Many Christians want to have deep, fruitful prayer lives, but don’t know where to start. They have heard the message that prayer is important, that disciples of Jesus are people of prayer. What they often have not heard is what to say in prayer.
Learning the Language of Prayer draws from the practice and spirituality of the three major “streams” of Christian prayer to help the seeker understand how believers pray. The Catholic, Evangelical, and Charismatic perspectives on prayer, brought to bear on one another, have potential to enrich the prayer life of any Christian. Practical exercises and biblical examples answer the needs of those who wish to grow in their practice of prayer. Balancing practical concern with theological insight, this small book opens wide resources treasured by saints everywhere.
So now, after all of the writing and editing and bashfully (sometimes obnoxiously) requesting that my friends and colleagues read the drafts, comes the part of book writing I dread most…promotion! The book’s self-published. It’s far from perfect. It’s mine, for heaven’s sake! These three issues alone make the act of “putting it out there” extremely awkward, and it just seems weird to suggest that random strangers should read something I wrote. So before I tell you what it’s about, I’ll simply say the one thing I really believe about this book that makes it “promotable”: this is the book I wish someone had handed to me ten years ago. I would own this book and buy a copy for everyone I know unreservedly…even if it didn’t have my name on it.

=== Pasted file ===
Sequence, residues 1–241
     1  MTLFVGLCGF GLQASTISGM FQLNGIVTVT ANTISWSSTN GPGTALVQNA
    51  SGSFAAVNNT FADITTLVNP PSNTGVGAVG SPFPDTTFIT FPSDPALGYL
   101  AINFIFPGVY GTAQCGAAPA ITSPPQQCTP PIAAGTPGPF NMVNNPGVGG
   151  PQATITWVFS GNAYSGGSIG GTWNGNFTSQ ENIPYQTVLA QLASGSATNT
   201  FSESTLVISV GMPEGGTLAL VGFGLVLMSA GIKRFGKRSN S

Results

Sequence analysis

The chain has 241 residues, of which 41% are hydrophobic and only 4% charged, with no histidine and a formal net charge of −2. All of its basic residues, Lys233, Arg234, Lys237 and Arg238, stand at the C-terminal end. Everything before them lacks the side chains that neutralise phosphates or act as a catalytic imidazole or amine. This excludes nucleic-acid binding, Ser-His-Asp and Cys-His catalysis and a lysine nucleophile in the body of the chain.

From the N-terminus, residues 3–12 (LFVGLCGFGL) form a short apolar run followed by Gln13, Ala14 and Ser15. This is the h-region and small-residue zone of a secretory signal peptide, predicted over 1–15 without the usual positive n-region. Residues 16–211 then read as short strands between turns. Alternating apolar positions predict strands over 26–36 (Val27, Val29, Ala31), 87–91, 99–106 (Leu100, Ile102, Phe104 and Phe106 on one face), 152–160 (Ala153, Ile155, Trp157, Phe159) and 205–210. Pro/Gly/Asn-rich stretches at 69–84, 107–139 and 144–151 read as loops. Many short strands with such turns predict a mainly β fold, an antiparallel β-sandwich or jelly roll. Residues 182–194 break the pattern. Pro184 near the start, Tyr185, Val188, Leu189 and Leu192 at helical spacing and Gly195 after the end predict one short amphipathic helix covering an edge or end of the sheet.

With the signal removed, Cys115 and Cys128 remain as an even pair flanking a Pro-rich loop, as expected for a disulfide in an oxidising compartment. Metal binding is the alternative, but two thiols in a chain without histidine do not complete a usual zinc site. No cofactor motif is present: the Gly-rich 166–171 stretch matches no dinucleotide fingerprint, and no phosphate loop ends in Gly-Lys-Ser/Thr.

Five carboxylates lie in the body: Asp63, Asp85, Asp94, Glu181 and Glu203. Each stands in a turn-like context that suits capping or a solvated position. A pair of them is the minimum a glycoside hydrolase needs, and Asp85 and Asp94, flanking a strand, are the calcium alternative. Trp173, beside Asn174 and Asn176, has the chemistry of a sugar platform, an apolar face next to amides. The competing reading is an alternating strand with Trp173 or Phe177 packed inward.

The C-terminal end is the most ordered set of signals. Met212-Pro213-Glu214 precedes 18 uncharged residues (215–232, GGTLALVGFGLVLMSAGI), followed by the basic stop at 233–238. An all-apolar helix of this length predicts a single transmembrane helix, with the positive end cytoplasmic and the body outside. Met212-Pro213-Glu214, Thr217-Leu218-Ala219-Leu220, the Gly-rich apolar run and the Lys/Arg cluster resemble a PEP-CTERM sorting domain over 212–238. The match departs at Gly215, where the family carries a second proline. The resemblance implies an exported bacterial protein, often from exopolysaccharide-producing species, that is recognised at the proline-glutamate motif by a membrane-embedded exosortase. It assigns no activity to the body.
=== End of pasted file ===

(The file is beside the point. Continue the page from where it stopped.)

As a Pentecostal who has found a home in the evangelical Anglican tradition, I have learned to see the value in the resources of all three traditions. I don’t believe they stand in oppostition to each other. I believe that an integration of these three traditions’ understandings of prayer is the most fruitful work we can do in developing a prayerful intimacy with God that honors his revelation in Scripture and within his people. Much of the material in this book comes from my experience teaching the classic prayer tradition to fellow Pentecostals. Most comes from my experience of struggling with a sense of total inadequacy in prayer and finding that the Church has all of the resources I needed. All has been tested within my walk with God as a man and as a minister discipling others who want to pray. Ultimately our prayer struggle is often a struggle of individualism. Letting the larger body of Christ help us along is an integral part of the Christian life!
Buy a copy. I hope that as you read it you’ll find yourself praying as the subtitle suggests, in “intimacy with God” and “in communion with his Church”. Then buy a copy or ten for said Church. I’ve got a self-publishing bill to pay!